The Natural Child makes a compelling case for a return to attachment parenting, a child-rearing approach that has come naturally for parents throughout most of human history. In this insightful guide, parenting specialist Jan Hunt links together attachment parenting principles with child advocacy and homeschooling philosophies, offering a consistent approach to raising a loving, trusting, and confident child.
The Natural Child dispels the myths of "tough love," building baby's self-reliance by ignoring its cries, and the necessity of spanking to enforce discipline. Instead, the book explains the value of extended breast-feeding, family co-sleeping, and minimal child-parent separation.
Homeschooling, like attachment parenting, nurtures feelings of self-worth, confidence, and trust. The author draws on respected leaders of the homeschool movement such as John Taylor Gatto and John Holt, guiding the reader through homeschool approaches that support attachment parenting principles.
Being an ally to children is spontaneous for caring adults, but intervening on behalf of a child can be awkward and surrounded by social taboo. The Natural Child shows how to stand up for a child's rights effectively and sensitively in many difficult situations. The role of caring adults, points out Hunt, is not to give children "lessons in life"-but to employ a variation of The Golden Rule, and treat children as we would like to have been treated in childhhood.
Jan Hunt is the director of The Natural Child Project Society, the newspaper columnist of The Natural Child, and a parenting advisor. She has been featured on CNN Headline News and Yahoo.com, and contributes to Mothering, Growing Without Schooling, Readers Digest and other US and Canadian periodicals.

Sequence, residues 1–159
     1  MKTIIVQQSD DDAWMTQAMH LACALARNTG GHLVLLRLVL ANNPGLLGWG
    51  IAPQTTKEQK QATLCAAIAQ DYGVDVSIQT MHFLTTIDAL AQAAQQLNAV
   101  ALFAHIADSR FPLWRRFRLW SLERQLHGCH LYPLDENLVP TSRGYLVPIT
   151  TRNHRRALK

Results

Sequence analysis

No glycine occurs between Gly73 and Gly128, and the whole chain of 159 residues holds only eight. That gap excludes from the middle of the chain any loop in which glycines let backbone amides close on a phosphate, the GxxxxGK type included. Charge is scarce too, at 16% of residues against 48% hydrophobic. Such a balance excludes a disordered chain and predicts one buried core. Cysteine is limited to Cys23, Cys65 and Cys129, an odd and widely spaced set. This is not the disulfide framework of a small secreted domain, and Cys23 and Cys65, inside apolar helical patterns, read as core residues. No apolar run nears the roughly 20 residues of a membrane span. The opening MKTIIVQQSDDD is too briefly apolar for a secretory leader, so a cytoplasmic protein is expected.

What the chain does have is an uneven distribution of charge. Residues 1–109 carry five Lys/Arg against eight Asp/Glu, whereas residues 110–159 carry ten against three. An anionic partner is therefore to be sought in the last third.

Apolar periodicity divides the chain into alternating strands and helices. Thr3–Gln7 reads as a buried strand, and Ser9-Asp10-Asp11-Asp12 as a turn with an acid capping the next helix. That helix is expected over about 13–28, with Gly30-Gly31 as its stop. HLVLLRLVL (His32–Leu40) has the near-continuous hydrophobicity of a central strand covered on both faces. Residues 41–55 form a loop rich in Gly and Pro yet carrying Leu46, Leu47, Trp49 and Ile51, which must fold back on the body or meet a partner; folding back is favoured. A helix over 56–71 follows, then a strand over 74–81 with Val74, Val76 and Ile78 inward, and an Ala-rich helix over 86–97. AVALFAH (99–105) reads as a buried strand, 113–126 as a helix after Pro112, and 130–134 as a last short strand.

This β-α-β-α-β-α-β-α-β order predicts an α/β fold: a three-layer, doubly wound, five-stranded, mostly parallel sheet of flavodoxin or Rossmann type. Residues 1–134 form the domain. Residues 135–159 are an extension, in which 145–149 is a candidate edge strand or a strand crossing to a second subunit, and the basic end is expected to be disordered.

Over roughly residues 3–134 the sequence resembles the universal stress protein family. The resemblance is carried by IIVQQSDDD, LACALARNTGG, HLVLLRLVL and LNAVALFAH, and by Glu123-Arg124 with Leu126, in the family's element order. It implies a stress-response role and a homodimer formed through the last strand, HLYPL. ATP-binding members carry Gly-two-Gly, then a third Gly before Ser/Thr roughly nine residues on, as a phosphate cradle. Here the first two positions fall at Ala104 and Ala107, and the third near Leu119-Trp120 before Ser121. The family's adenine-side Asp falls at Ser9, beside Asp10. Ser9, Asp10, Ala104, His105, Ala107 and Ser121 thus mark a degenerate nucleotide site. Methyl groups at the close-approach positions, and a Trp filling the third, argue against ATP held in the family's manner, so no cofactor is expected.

Review by David H Albert
If John Woolman were alive today, and contemplating parenting issues, this is the book he would have written. Jan Hunt was a member of Multnomah Friends Meeting in Portland in the 1970s before moving to British Columbia, where she founded (and still directs) The Natural Child Project and served on the Board of the Canadian Society for the Prevention of Cruelty to Children. She has now moved back to Bend, Oregon.
Hunt's thesis is simple: a happy childhood lasts forever, and every child is no less a human being than we are, and must be treated as such. Adults behave as well as they are treated, and the same holds true for children. Adults generally do not improve their behavior when they are insulted, criticized, threatened, publicly humiliated, or beaten; or in the rare instances when they do so, the costs in fearfulness, anger, and resentment are extraordinarily high.
Fortunately, argues Hunt eloquently, the seed of how to be with children is implanted within us. If we listen hard enough, the direction of how to act toward a child comes naturally. Crying, for example, is a signal provided by nature meant to disturb parents so they can seek out the causes of the child's distress.
The Natural Child offers a consistent and compelling approach to raising a loving, trusting, and confident child, without resort to coercion or manipulation, simply by following the Parenting Golden Rule: "Treat your child as you would like to be treated if you were in the same position." This book is a must for every Meeting library, and the perfect gift for the Friendly individual or couple expecting the arrival of their first "distinguished visitor".